Home Price Rise At A Slightly Slower Pace [Dow Jones Industrial Average 2 Minute, SPDR S&P 500 ETF Trust]

real estateDoug Short:  With this morning’s release of the April S&P/Case-Shiller Home Price we learned that home prices continued their rise across the country over the last 12 months but at a slightly lower pace.

20-City Month-over-Month

The adjacent column chart illustrates the month-over-month change in the seasonally adjusted 20-city index, which tends to be the most closely watched of the Case-Shiller series. It was up 0.3% over the previous month, down from 1.0% and 1.1% the two previous months.

Here is an excerpt of the analysis from today’s Standard & Poor’s press release.

“Home prices continue to rise across the country, but the pace is not accelerating,” says David M. Blitzer, Managing Director and Chairman of the Index Committee at S&P Dow Jones Indices. “Moreover, consumer expectations are consistent with the current pace of price increases. A recent national survey published by the New York Fed showed the average expected price increase among both owners and renters is 4.1%. Both the current rate of home price increases and the consumers’ expectations are a bit lower than the long term annual price change of 4.9% since 1975. These figures, however, do not adjust for inflation. The real, or inflation adjusted, price change since 1975 is one percent per year. Given the current inflation rate of under two percent, real home prices today are rising more quickly than is typical. The three out of five consumers in the survey who see home ownership as a good or somewhat good investment may be thinking in real terms. [Link to source]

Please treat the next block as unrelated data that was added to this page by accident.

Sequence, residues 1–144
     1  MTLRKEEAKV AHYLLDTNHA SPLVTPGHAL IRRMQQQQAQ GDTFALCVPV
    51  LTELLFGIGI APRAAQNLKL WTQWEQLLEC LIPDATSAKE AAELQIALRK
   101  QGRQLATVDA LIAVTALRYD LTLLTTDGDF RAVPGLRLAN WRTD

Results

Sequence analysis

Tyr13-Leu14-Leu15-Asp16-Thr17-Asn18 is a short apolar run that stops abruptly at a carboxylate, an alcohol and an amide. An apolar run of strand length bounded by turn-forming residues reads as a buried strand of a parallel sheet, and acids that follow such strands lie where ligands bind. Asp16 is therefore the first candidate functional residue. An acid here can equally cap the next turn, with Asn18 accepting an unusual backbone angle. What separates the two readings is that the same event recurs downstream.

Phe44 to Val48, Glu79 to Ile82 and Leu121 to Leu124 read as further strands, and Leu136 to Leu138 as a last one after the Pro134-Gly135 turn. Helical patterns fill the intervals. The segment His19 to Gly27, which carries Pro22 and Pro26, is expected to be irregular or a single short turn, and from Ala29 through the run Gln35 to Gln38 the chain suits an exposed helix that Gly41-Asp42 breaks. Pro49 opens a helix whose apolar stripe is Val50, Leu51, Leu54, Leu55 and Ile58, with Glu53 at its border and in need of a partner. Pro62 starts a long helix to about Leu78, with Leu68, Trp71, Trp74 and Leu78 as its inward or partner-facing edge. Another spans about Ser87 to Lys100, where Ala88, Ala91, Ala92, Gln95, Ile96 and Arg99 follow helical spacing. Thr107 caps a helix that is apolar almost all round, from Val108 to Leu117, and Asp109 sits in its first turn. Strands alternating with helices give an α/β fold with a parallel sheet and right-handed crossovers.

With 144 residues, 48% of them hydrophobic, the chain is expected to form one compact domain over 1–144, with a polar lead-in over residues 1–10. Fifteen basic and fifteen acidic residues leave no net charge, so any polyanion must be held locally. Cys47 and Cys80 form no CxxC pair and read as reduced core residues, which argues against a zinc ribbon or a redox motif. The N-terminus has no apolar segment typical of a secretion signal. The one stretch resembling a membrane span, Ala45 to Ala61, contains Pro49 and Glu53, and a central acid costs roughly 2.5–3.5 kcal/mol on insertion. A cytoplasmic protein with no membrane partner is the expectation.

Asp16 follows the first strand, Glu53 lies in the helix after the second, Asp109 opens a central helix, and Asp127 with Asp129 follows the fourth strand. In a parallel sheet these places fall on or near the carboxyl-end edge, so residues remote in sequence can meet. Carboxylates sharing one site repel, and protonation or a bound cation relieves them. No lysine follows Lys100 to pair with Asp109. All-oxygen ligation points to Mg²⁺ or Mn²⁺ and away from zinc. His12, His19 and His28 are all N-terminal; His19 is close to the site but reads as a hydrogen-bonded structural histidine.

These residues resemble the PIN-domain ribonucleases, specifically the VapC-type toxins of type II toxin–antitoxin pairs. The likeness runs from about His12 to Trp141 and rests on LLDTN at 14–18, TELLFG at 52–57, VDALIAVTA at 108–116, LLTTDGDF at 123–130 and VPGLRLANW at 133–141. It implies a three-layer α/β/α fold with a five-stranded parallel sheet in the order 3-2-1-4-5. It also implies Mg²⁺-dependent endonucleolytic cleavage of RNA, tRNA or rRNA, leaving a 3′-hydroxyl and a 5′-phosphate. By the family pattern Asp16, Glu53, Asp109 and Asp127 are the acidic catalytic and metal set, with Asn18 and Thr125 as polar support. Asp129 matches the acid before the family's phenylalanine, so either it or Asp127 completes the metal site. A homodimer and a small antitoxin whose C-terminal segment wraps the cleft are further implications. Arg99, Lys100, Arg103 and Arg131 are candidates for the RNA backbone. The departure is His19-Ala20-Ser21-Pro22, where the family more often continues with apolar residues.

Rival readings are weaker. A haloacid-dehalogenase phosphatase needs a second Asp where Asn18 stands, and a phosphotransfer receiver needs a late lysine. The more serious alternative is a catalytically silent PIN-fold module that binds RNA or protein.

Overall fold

The chart below is an overlay of the Case-Shiller 10- and 20-City Composite Indexes along with the national index since 1987, the first year that the 10-City Composite was tracked. Note that the 20-City, which is probably the most closely watched of the three, dates from 2000. We’ve used the nonseasonally adjusted data for this illustration.

Home Price Index

For an understanding of the home price data over longer time frames, we think a real, inflation-adjusted visualization of the data is an absolute necessity. Here is the same chart as the one above adjusted for headline inflation using the Bureau of Labor Statistics’ Consumer Price Index as the deflator. Among other things, the real version gives a better sense of the dynamics of the residential real estate bubble that preceded the last recession.

Home Price Index

The next chart shows the year-over-year Case-Shiller series, again using the nonseasonally adjusted data.

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